Doctor insights on:
Colorectal Cancer Symptoms Belching
May be none: Many early cancers do not have any symptoms and that is why it is important to have screening tests done, e.g., colonoscopy at age 50 for prevention of colo-rectal cancer. Symptoms may be change in bowel habits, bleeding per rectum, anemia, bowel obstruction and the first symptoms may be from metastases to other organs such as liver. ...Read more
Colorectal cancer is cancer of the colon or rectum. The cells lining the colon or rectum become abnormal and grow uncontrollably. They start as polyps. Symptoms include blood in the stool, constipation, loss of appetite, and weight loss. This cancer can be prevented through early screening, if a polyp is detected during a colonoscopy and excised. Additionally, a high fiber diet with plenty of water and a ...Read more
Varied: Lesions of the right colon hard to dx early since bowel content is liquified. On left side, content is solid and if lesion present, obstruction occurs if lesion circumferential or bleeding noted from irritation of hard stool against lesion. On rt. As well as left side ideal time to define is before symptoms by routine colonoscopy ...Read more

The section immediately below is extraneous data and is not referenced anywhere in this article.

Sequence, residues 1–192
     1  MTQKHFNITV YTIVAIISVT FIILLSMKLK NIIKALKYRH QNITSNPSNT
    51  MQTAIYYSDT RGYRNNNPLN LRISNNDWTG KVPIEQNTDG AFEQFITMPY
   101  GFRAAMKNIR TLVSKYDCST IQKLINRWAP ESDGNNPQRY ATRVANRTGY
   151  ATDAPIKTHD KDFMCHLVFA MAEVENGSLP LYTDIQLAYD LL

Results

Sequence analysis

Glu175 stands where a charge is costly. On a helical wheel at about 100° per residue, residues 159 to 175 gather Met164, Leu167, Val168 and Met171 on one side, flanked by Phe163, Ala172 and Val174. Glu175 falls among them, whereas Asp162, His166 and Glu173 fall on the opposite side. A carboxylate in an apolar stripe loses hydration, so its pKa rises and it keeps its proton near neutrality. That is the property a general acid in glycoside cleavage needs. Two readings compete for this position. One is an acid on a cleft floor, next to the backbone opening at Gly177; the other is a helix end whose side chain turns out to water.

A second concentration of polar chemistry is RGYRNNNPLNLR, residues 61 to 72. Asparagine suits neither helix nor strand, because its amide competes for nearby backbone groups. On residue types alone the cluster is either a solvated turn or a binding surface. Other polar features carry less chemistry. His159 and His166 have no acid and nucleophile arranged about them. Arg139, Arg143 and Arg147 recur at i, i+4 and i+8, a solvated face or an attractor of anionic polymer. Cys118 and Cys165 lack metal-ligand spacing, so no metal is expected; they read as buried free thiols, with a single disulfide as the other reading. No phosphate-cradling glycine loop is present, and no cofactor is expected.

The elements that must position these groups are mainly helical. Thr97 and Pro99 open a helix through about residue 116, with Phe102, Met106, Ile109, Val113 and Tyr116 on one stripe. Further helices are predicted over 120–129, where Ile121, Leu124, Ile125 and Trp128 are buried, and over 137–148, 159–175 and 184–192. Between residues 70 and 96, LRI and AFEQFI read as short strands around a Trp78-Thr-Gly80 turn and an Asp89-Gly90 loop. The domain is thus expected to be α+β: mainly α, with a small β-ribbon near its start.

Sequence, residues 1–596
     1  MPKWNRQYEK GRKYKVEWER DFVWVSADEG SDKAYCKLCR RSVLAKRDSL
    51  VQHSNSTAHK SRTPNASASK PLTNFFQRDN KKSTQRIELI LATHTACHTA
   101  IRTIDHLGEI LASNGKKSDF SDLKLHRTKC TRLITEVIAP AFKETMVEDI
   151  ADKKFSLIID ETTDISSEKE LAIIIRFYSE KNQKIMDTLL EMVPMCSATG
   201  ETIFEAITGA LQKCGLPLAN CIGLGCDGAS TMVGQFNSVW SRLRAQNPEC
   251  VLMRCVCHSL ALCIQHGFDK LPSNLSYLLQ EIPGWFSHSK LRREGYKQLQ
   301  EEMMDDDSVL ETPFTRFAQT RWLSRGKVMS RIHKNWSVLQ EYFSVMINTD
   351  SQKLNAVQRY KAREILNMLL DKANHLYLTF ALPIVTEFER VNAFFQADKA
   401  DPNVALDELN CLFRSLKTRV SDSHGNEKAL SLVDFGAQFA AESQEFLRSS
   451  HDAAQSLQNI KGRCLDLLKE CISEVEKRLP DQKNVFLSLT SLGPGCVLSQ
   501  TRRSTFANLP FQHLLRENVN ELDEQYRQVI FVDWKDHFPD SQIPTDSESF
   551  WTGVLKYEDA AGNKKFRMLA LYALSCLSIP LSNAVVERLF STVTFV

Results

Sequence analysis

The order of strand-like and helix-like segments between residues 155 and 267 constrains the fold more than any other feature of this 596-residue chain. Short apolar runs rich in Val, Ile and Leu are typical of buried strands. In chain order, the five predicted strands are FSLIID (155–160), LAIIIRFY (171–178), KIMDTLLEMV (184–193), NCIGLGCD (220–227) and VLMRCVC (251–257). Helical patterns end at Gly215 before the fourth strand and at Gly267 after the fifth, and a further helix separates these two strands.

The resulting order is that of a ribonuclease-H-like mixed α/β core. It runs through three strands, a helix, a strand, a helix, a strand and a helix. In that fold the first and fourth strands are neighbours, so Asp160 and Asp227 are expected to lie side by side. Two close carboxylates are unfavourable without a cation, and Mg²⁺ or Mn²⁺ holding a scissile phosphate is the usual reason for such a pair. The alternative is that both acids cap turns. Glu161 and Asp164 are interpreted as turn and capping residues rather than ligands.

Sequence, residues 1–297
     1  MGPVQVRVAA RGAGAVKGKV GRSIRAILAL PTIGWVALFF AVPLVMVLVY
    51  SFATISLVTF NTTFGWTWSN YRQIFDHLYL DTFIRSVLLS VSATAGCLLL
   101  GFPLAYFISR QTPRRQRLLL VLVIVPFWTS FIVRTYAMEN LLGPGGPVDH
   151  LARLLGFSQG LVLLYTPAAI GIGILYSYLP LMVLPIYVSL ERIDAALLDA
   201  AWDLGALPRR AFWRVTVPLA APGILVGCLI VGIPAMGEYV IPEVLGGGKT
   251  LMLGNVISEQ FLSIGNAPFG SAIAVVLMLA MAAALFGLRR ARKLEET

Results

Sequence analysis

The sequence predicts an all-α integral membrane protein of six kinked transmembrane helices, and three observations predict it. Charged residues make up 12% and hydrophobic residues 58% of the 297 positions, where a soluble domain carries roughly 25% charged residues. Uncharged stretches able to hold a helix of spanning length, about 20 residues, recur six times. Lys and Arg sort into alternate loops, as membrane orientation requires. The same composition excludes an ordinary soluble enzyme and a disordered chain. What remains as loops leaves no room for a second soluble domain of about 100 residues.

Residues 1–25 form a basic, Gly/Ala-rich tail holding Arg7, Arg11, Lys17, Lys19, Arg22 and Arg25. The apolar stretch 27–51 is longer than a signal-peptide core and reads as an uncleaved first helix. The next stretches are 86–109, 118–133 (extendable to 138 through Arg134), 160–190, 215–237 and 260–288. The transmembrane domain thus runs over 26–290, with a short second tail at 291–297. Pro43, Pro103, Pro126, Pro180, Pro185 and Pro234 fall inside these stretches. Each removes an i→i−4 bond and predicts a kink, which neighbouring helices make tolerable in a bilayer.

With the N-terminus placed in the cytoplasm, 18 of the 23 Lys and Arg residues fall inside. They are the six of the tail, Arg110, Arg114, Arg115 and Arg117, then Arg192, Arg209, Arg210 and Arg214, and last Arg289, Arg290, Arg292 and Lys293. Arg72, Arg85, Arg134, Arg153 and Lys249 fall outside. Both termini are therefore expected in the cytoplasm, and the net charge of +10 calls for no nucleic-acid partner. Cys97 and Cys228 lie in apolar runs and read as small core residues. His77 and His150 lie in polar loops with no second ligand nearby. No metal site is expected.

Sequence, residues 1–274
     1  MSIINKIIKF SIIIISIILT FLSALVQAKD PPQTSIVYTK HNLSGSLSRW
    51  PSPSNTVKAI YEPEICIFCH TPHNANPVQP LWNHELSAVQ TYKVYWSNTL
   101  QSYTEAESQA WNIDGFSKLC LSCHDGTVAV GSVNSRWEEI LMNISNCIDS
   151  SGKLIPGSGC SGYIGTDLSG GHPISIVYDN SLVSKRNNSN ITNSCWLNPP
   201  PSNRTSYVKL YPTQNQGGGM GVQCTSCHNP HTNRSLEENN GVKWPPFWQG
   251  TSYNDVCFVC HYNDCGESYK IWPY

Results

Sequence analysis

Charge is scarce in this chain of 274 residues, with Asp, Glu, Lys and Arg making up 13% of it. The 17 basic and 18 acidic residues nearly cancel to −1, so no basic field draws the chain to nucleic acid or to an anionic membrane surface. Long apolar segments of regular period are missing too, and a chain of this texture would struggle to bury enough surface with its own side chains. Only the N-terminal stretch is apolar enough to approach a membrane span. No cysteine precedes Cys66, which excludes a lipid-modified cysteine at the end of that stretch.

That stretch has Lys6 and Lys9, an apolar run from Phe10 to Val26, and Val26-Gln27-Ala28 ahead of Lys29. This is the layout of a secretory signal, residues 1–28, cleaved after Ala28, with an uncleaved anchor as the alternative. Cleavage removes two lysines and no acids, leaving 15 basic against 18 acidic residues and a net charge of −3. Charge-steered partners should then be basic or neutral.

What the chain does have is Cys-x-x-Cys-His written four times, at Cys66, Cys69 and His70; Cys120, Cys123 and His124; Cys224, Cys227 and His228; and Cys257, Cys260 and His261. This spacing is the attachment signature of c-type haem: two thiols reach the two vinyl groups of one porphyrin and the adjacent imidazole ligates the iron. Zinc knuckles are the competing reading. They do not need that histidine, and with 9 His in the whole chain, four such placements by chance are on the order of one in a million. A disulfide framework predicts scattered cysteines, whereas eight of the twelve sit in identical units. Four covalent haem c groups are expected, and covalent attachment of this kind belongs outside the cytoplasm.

Blockage, Bleeding: The most common symptoms associated with colon cancer include (cramping) abdominal pain, a change in bowel habits ("pencil-thin stools"), bloody bowel movements, weakness/fatigue, and/or weight loss. The goal, of course, is to diagnose colon cancers before symptoms develop; I advise colonoscopy at age 50, or earlier if there is a family history. ...Read more